Author(s): Novignon J, Nonvignon J, Mussa R, Chiwaula LS
Abstract Share this page
Abstract BACKGROUND: An understanding of the complex relationship between health status and welfare is crucial for critical policy interventions. However, the focus of most policies in developing regions has been on current welfare to the neglect of forward-looking welfare analysis. The absence of adequate research in the area of future poverty or vulnerability to poverty has also contributed to the focus on current welfare. The objectives of this study were to estimate vulnerability to poverty among households in Ghana and examine the relationship between health status and vulnerability to poverty. METHOD: The study used cross section data from the Fifth Round of the Ghana Living Standards Survey (GLSS 5) with a nationally representative sample of 8,687 households from all administrative regions in Ghana. A three-step Feasible Generalized Least Squares (FGLS) estimation procedure was employed to estimate vulnerability to poverty and to model the effect of health status on expected future consumption and variations in future consumption. Vulnerability to poverty estimates were also examined against various household characteristics. RESULTS: Using an upper poverty line, the estimates of vulnerability show that about 56\% of households in Ghana are vulnerable to poverty in the future and this is higher than the currently observed poverty level of about 29\%. Households with ill members were vulnerable to poverty. Moreover, households with poor hygiene conditions were also vulnerable to future poverty. The vulnerability to poverty estimates were, however, sensitive to the poverty line used and varied with household characteristics. CONCLUSION: The results imply that policies directed towards poverty reduction need to take into account the vulnerability of households to future poverty. Also, hygienic conditions and health status of households need not be overlooked in poverty reduction strategies.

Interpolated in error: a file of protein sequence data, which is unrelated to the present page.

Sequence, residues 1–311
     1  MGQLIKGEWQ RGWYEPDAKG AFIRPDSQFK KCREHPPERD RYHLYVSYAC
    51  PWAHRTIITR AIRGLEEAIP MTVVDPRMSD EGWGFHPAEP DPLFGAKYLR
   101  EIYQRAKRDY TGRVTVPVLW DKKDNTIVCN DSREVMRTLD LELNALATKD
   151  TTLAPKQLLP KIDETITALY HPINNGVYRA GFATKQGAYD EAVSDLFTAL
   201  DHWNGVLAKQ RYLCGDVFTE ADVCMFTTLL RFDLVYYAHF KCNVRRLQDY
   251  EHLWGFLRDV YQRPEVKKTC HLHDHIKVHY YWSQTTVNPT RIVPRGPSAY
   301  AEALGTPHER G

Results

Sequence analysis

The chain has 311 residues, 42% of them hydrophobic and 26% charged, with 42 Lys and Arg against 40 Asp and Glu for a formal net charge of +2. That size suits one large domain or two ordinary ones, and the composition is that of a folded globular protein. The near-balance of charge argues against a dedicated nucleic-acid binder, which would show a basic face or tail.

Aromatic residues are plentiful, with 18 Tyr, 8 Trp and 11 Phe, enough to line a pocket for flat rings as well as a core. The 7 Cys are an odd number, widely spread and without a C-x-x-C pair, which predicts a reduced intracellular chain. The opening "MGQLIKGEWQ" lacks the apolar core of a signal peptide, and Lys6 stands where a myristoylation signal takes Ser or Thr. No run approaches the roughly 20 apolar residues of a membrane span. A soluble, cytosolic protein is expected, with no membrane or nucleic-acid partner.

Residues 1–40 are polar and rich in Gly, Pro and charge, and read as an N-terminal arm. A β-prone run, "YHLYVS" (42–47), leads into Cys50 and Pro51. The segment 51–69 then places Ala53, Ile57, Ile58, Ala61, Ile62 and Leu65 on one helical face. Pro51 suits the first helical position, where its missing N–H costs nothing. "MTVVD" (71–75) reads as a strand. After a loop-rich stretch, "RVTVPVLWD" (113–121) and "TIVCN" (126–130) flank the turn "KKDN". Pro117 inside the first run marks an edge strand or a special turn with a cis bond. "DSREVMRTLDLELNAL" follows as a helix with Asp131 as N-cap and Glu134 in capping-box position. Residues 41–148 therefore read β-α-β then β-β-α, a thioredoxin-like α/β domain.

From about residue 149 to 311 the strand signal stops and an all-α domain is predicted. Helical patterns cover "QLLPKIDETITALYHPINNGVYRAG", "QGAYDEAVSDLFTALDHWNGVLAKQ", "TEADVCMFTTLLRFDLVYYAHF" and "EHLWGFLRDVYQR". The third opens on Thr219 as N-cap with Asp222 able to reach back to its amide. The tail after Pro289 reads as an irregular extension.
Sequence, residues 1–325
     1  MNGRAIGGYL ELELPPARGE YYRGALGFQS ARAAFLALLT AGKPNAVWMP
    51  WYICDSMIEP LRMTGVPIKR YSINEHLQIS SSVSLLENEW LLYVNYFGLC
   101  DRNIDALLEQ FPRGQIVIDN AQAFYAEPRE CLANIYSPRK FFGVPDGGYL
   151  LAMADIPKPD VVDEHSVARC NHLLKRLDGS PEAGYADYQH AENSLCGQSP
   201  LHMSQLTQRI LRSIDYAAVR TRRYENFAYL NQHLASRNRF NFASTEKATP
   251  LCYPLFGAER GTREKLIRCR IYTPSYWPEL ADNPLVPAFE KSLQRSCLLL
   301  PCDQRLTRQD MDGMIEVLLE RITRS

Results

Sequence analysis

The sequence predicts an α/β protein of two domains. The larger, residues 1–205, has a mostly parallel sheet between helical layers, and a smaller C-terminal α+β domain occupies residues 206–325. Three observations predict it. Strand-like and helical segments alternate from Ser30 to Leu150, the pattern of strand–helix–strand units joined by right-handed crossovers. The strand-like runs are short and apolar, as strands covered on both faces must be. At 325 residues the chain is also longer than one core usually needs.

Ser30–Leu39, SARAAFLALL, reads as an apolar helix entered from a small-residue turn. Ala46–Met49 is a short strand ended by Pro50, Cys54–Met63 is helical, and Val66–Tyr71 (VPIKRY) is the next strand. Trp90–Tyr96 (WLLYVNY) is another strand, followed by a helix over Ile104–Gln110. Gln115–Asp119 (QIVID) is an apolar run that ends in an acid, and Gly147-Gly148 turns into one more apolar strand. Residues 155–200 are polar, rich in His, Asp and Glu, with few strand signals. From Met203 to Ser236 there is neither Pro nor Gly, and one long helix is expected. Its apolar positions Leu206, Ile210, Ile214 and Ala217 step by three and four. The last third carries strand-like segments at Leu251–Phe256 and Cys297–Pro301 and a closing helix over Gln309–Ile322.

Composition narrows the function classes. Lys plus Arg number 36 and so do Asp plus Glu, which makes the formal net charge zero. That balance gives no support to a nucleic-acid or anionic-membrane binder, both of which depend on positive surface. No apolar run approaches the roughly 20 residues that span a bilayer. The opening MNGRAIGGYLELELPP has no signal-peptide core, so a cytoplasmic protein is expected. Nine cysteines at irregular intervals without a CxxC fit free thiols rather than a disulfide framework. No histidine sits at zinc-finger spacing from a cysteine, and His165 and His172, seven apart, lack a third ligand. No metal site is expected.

This article was published in Health Econ Rev
and referenced in Journal of Health Education Research & Development